Saturday, 18 April 2015


Dante called Aristotle the master of those who know. Life and action have to be based on knowledge, not on ignorance or superstition. From an early age, explorers, philosophers and scientists have tried to know. I will shortly reread the opening chapter of Poul Anderson's The Boat Of A Million Years, "Thule," about an early search for knowledge.

For James Blish on knowledge, see here, particularly the concluding section. The Buddhist Eightfold Path begins with "Right Knowledge." There are different levels of knowledge. Persis d'Io realized that the teenage Dominic Flandry knew exactly what he was doing when he seduced her. For me, the quintessential Anderson character who knows what is happening to society and tries to do what is best for his society is Gratillonius, the last King of Ys.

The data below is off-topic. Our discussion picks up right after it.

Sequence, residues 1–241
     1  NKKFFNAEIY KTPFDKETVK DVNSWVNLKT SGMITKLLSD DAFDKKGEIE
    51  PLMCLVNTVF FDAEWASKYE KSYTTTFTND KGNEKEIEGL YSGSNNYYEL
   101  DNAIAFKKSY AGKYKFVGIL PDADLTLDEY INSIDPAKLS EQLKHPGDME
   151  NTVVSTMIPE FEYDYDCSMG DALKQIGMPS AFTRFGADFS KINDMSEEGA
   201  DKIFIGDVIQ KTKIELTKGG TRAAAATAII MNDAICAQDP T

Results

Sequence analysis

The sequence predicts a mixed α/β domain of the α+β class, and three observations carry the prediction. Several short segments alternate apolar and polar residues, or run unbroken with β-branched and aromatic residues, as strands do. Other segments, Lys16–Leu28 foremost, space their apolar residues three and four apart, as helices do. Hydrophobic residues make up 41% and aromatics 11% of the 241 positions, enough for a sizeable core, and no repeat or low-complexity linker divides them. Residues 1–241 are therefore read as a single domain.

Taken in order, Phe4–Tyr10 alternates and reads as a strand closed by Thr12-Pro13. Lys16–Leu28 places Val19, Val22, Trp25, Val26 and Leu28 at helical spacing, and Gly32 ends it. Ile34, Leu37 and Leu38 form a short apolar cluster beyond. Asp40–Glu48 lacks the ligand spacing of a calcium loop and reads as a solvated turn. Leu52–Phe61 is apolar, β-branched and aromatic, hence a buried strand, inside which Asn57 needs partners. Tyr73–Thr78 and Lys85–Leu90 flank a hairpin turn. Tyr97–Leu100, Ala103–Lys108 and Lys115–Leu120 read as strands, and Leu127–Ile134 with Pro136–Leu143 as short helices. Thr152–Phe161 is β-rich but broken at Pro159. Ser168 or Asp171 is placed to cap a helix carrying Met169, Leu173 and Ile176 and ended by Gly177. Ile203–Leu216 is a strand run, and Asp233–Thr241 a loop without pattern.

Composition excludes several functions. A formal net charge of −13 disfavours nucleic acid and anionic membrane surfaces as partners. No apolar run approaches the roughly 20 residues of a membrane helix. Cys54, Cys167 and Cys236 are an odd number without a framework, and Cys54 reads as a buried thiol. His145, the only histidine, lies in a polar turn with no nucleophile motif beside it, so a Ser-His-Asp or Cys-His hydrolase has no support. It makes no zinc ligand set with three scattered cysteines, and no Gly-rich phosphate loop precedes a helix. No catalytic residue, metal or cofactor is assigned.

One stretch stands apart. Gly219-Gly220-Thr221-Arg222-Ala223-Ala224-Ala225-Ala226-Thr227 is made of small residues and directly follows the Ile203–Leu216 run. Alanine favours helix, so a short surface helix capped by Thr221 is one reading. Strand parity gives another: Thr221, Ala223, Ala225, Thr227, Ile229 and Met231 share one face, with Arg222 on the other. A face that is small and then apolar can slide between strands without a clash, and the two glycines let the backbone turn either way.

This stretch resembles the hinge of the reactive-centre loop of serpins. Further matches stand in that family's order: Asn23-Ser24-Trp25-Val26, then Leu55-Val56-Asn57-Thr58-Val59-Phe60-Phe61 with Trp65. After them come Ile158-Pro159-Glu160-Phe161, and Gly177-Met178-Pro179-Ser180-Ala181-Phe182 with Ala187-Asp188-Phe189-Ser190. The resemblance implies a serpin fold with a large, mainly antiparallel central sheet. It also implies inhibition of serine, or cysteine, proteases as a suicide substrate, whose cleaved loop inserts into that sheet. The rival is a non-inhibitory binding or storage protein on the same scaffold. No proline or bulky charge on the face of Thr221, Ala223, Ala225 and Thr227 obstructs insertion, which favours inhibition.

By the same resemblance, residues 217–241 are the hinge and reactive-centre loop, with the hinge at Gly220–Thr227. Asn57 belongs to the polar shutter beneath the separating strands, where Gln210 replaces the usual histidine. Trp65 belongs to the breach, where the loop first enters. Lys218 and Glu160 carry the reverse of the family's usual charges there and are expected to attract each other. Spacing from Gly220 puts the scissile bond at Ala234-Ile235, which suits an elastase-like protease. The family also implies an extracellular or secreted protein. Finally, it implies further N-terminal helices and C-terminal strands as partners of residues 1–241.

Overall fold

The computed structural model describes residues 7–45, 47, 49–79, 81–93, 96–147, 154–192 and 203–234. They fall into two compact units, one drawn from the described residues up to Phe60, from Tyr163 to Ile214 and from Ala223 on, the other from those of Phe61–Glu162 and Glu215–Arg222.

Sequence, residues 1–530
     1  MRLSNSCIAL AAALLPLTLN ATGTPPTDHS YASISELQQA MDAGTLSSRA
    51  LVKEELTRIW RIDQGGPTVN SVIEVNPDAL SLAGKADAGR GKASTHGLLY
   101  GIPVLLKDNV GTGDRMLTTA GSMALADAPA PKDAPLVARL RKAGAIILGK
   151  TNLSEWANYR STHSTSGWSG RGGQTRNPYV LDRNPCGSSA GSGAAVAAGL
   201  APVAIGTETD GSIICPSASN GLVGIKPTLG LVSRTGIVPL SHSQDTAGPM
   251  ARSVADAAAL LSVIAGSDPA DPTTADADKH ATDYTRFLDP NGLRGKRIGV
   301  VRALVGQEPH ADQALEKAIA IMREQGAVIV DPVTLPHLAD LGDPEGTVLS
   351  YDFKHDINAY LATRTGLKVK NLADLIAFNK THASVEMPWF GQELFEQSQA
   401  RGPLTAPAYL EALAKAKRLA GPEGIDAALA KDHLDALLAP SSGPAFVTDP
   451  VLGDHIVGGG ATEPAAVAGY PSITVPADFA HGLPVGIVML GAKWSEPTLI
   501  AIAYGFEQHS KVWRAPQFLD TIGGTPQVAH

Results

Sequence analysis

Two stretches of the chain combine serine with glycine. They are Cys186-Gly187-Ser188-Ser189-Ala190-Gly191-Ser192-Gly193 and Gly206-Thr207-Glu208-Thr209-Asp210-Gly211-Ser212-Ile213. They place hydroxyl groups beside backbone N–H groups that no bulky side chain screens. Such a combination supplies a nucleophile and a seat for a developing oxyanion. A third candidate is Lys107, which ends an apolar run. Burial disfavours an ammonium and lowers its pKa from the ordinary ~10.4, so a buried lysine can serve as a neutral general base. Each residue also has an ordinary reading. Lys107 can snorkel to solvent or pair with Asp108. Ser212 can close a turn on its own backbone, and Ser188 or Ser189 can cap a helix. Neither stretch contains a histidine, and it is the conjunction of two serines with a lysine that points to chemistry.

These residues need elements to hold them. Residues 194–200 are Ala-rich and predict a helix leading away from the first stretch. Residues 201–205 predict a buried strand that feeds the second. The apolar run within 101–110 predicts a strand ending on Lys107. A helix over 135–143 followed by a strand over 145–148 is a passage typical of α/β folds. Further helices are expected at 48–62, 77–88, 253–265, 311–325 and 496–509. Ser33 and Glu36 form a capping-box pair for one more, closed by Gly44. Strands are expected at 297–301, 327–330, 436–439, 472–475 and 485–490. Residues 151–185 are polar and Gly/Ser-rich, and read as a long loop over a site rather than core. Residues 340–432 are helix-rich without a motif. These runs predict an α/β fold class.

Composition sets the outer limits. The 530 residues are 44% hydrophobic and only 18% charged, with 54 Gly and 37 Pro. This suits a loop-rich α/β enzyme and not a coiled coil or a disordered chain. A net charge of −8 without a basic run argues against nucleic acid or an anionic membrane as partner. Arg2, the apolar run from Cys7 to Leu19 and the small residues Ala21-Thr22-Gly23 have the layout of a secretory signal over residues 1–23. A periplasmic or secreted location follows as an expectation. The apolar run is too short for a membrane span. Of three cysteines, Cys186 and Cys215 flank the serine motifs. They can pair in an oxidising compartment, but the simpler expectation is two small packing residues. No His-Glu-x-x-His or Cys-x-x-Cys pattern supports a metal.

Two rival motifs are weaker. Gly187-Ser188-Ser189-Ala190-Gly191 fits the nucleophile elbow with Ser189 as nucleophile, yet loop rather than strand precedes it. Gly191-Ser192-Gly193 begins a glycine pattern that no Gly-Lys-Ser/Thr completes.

Despite accumulated and shared knowledge, philosophical disagreements remain. Some think that the earliest mental event in a new organism must have been caused by an earlier mental event, either in an earlier organism or in the creator (see here). I suggest instead that qualitative changes can and do occur and that these have included naturally selected organismic sensitivity quantitatively increasing until it was qualitatively transformed into conscious sensation, thus that mental events began in the course of natural selection. I think that Poul Anderson is on my side of this argument.

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